The most noteworthy feature on the camera back is a 2.7-inch LCD that pivots out horizontally from the camera and 270 degrees vertically. To the left of the optical viewfinder are the MENU and INFO buttons, to the right is the Autoexposure lock/Autofocus lock button. There’s a diopter adjustment dial on the right of the viewfinder. The ON/OFF switch is a horizontal throw around the mode dial. Completing the suite of controls at the top of the camera back are the programmable FN (Function) button and the autofocus target button beside it.

There’s a substantial curved, textured thumb rest above the four-way controller. To its left are the Playback and Live View buttons. The sections of the four-way controller, in addition to maneuvering through menus, are used for direct access to (clockwise from the top) white balance, autofocus mode, ISO settings and metering mode. The two buttons below include the red trash can for image erase and the IS button for controlling the image stabilization setting. A nice bonus feature here: the buttons illuminate when pressed, making navigating the camera in dark environments much more practical.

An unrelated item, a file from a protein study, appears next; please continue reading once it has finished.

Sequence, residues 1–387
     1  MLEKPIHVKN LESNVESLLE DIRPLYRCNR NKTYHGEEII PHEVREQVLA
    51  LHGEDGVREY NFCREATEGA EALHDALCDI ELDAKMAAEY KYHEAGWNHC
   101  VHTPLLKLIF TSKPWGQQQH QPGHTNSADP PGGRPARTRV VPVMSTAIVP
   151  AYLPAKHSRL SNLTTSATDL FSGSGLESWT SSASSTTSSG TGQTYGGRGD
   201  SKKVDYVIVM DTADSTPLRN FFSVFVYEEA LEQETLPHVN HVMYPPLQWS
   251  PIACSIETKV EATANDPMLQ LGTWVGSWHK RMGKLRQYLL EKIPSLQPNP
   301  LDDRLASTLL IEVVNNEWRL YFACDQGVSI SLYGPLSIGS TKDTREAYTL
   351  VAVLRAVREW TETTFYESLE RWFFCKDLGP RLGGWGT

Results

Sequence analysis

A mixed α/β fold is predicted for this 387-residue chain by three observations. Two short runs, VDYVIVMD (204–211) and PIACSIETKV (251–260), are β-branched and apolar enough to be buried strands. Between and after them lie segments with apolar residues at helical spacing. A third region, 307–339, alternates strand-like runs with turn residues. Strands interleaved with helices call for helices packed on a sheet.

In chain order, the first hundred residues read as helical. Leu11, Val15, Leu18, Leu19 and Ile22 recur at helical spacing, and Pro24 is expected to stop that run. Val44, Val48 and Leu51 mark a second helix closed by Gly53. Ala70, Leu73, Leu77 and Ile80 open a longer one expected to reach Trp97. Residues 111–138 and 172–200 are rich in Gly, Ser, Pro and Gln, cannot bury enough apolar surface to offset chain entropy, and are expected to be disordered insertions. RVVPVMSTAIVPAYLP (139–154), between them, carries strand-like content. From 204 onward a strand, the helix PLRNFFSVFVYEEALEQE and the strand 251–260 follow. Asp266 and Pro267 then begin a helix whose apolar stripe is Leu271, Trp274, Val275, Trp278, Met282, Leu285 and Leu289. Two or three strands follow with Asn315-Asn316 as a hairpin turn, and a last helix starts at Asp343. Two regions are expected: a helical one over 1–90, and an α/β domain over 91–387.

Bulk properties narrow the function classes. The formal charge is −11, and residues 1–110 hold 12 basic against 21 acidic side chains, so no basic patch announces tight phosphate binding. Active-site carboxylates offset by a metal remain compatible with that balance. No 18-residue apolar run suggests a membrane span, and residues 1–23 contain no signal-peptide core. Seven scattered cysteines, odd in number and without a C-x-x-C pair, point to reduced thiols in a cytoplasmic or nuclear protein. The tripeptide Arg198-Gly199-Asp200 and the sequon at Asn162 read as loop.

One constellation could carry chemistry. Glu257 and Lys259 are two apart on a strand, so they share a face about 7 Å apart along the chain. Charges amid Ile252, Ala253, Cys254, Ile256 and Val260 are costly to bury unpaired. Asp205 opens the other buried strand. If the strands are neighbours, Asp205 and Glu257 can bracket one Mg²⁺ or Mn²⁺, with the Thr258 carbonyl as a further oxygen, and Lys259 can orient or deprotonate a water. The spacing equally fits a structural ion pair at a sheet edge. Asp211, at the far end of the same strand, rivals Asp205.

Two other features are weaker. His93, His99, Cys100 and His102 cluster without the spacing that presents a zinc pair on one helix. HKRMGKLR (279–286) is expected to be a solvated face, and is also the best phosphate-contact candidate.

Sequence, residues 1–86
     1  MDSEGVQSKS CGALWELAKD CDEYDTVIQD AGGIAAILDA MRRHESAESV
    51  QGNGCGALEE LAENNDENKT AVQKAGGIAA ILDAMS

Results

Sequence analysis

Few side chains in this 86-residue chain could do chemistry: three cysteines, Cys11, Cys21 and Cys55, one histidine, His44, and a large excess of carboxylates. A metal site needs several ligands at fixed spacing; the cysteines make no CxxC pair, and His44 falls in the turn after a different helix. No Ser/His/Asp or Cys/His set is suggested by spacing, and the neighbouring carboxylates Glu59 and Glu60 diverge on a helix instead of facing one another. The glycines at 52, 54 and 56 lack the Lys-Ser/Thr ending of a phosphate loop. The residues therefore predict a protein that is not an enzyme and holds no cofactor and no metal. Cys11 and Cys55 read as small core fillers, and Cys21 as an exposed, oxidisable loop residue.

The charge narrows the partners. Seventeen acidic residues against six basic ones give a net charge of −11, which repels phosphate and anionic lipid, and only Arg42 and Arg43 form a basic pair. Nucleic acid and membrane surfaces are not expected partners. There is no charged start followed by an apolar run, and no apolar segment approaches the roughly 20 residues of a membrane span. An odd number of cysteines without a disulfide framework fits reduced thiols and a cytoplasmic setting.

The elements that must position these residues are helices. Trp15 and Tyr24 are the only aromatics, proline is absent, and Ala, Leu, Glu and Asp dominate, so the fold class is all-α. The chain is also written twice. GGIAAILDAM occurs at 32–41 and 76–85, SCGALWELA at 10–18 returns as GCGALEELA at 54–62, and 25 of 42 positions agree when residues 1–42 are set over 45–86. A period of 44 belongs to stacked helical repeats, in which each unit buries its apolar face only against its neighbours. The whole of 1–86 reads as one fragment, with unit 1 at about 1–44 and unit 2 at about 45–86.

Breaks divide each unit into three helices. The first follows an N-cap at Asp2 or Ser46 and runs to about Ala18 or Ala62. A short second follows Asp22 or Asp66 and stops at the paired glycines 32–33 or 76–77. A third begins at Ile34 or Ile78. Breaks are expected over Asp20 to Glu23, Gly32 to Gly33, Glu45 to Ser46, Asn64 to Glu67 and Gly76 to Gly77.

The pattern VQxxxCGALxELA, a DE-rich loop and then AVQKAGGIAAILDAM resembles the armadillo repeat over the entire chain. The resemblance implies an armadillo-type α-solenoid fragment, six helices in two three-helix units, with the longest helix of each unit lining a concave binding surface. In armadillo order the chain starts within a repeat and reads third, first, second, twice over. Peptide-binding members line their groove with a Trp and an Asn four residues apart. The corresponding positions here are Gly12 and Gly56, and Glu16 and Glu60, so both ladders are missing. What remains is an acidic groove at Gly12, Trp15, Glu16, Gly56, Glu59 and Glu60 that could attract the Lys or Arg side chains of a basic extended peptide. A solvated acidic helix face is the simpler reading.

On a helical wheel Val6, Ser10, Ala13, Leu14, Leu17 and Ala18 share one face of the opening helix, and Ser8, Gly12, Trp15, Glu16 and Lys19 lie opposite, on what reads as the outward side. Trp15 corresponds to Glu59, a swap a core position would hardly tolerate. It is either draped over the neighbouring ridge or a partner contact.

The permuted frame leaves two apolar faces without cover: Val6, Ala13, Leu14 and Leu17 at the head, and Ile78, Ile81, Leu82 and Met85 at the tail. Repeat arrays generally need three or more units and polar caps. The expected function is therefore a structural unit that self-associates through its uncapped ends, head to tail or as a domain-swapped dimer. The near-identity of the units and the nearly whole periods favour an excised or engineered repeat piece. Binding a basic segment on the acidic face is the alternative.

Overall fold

Finally, there’s a small rubber door that opens to reveal a single USB port used for both data and video connections.

Most camera features have a direct-access button.


On a camera body bristling with buttons, the left side offers a bit of breathing space, with only a metal tab for connecting the neck strap.

The left side is decidedly clutter-free.

The right side offers the other strap connection plus a door that slides back to reveal dual memory card slots, one for CompactFlash, one for xD card.

Push the door back to gain access to dual memory card slots.


Our tour of the top begins at front left with the flash button, which is used to pop up the built-in flash and then bring up the flash intensity control. The multipurpose button behind it accesses drive mode and self-timer controls.